From that point on, Chucky is openly on a mission of murder, with Norris the next on his kill list. He believes that he’s unstoppable now that he’s in the doll body – he’s just plastic and stuffing, he can’t be killed. But when he gets injured and bleeds, he seeks out his voodoo mentor for more information on his condition and finds out that life after death isn’t as simple as he thought – the more time Charles Lee Ray remains in the body of the Good Guy Doll, the more human he’ll become. Eventually he’ll be trapped inside the doll’s body for good. The only way around this fate is to transfer his soul into the first person he revealed his dark secret to – little Andy.
When screenwriter Don Mancini first came up with the concept for a killer doll movie – initially titled Blood Buddy – his idea was to make it more of a mystery as to whether the doll was really killing people or if the little boy it belonged to was a deranged little murderer. We have dolls that pee, and in Mancini’s original idea the toy line was called Blood Buddies because they were dolls that could bleed and be patched up with your handy dandy Blood Buddy adhesive strip. By doing an innocent “blood brother” blood swap, the little boy accidentally brought the doll to life, and when he slept the doll would rise up to kill people that had bothered the kid, like his babysitter or his school teacher.
A writer named John Lafia (who would go on to direct this film’s sequel) developed Mancini’s story further, but it was when Tom Holland, writer of 1983’s Psycho II and writer/director of the 1985 vampire movie Fright Night, came aboard to do a rewrite and direct the film that Child’s Play evolved into the story as we know it.
It was Holland’s idea to add in the voodoo angle and the set-up of a serial killer possessing the doll’s body to seek revenge after his death. He came up with the name Charles Lee Ray by combining the names of Charles Manson, Lee Harvey Oswald, and James Earl Ray. Holland’s approach was more up front than Mancini’s, but it’s an approach that gave us one of the last horror icons of the 1980s.
The ’80s were, in my book, one of the greatest, most fun periods in the history of horror. The films that came out of that decade established a new group of genre icons that can stand proudly alongside the monsters who preceded them; Dracula, Frankenstein’s Monster, The Wolf Man, The Mummy, The Gill Man. The ’80s gave us Jason Voorhees, Freddy Krueger, Pinhead, and further cemented the ’70s-rooted Michael Myers and Leatherface in the pop culture consciousness. Chucky arrived and joined their ranks in November of 1988.
He may just be a little doll, but the way he’s presented by Holland and cinematographer Bill Butler (the man who shot Jaws), the way he’s so fantastically brought to life by the special effects of Kevin Yagher (who would go on to marry the film’s star, Catherine Hicks), and with Brad Dourif speaking his lines, Chucky manages to come off as a real threat, a badass little slasher, and when he’s relentlessly going after people he’s even effectively, unnervingly creepy.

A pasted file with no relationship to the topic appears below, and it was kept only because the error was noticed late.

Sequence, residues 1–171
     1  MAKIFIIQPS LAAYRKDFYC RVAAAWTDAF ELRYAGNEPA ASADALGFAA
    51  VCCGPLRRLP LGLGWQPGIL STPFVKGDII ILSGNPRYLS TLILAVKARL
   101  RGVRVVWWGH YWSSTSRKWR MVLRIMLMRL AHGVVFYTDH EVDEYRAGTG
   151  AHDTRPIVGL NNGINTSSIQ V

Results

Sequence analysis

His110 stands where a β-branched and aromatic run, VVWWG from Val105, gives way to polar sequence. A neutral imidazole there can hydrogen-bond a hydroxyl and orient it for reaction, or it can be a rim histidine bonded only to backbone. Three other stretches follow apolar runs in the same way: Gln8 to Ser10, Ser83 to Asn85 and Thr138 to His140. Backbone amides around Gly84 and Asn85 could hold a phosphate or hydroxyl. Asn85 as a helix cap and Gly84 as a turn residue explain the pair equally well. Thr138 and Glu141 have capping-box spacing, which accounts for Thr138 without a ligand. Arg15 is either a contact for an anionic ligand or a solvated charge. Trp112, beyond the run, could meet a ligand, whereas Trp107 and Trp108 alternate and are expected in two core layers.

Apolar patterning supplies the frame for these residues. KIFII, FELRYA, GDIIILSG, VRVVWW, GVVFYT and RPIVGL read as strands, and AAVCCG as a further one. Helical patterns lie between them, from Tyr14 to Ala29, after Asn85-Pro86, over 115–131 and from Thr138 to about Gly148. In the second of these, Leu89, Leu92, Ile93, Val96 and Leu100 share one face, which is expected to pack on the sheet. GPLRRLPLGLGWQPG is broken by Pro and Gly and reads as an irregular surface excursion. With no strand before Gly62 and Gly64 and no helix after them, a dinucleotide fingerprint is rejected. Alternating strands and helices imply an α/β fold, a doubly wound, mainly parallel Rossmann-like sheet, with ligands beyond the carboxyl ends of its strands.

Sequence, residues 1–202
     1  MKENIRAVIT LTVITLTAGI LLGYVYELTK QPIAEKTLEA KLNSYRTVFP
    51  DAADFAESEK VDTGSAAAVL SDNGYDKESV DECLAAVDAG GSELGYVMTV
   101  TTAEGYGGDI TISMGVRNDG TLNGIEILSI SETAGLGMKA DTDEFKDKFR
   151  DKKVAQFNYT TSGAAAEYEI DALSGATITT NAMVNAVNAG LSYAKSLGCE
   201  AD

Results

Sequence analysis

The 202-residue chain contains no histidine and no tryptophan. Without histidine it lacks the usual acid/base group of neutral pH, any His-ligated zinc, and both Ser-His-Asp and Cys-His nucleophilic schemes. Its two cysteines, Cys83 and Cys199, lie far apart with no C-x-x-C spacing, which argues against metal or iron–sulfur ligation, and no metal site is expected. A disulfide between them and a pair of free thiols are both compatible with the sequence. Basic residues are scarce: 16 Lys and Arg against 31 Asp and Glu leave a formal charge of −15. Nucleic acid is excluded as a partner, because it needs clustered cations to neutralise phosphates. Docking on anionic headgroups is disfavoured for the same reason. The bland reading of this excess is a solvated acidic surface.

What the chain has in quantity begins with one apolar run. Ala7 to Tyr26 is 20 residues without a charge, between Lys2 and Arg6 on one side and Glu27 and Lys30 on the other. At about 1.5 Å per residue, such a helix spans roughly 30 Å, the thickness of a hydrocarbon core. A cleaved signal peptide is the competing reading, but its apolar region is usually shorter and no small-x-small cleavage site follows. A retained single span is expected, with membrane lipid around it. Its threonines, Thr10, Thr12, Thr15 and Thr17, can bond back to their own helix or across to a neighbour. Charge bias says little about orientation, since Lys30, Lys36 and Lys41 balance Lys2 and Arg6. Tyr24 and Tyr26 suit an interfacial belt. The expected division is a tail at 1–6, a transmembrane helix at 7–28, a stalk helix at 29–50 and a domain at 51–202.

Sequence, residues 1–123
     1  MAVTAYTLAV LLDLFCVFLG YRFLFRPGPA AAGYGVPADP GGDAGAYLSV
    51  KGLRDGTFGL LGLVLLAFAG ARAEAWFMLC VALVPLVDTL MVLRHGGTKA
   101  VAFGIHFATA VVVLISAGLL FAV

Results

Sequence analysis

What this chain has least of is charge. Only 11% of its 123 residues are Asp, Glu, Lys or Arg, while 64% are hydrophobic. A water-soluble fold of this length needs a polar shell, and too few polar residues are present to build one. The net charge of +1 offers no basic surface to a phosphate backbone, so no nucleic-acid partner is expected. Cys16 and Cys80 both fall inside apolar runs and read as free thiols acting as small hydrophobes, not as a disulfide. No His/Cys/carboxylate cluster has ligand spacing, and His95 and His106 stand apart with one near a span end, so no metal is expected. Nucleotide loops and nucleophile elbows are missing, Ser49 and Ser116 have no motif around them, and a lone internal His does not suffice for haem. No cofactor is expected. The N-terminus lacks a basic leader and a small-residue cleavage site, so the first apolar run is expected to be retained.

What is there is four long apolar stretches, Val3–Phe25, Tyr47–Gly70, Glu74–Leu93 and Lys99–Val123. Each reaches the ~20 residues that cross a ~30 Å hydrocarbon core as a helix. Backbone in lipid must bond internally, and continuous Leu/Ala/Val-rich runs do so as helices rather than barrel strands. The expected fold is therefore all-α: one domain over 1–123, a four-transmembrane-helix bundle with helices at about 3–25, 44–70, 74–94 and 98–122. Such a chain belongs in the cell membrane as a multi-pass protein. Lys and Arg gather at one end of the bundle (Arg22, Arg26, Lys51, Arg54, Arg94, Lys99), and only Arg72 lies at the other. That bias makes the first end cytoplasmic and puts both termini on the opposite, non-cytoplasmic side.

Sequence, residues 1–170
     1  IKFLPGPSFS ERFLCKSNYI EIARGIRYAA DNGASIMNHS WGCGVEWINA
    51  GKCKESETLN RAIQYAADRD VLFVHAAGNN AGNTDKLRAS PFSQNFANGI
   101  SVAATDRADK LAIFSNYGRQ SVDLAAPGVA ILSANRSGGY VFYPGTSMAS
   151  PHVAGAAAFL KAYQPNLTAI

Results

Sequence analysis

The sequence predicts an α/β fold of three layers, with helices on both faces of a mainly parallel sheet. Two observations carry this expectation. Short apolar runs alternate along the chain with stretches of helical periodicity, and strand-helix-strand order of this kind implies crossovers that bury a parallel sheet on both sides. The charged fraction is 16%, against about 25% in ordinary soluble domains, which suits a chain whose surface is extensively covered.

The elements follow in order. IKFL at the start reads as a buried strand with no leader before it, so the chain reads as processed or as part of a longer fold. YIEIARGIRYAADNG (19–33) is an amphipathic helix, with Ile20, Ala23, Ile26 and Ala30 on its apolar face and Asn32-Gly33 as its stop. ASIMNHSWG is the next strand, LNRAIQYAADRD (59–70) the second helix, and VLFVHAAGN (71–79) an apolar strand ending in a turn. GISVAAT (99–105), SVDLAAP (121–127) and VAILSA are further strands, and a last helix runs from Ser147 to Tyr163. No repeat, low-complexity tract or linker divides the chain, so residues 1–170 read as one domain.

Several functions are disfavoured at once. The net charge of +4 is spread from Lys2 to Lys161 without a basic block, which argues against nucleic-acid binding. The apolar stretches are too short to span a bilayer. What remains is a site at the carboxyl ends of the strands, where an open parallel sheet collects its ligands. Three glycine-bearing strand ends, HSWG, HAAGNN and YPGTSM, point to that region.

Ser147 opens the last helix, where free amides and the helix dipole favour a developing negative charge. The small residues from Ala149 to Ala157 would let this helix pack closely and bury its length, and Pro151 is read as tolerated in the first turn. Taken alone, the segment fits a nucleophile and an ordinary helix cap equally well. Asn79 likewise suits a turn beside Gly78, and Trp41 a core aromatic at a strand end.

I was slightly younger than the character of Andy when I first saw this movie, catching it on VHS when I was five years old, but I was totally into it when I saw it. I have lots of memories of watching this movie when I was young, watching it with my nephew when he was a kid, my older brother allowing me to stay up late on a school night to watch Child’s Play on one of the movie channels, following the franchise intently throughout my youth…
One of my favorite things about watching slasher movies has always been seeing how much damage can be inflicted on the killer before he’s finally stopped for good. These guys can take a hellacious beating and keep on ticking, and Child’s Play certainly delivers in that area, as Chucky is put through the wringer in the final act. He’s shot, burnt to a crisp, loses limbs… He keeps on coming.
Child’s Play was a great success, and twenty-five years later Chucky is still on the rampage, as the sixth film in the series – Curse of Chucky – was just recently released. The final version of the original film may not be exactly what Don Mancini envisioned when he started writing Blood Buddy, but it has worked out quite well for him – Mancini has written every one of the sequels that have followed, and has directed the last two of them. I’ve enjoyed the sequels to varying degrees, but the first remains my favorite of the bunch overall.
Chucky first came into my life when I was a little kid playing with toys just like the film’s Andy Barclay, and although I’ve since put my toys away, the viewings of Child’s Play continue on.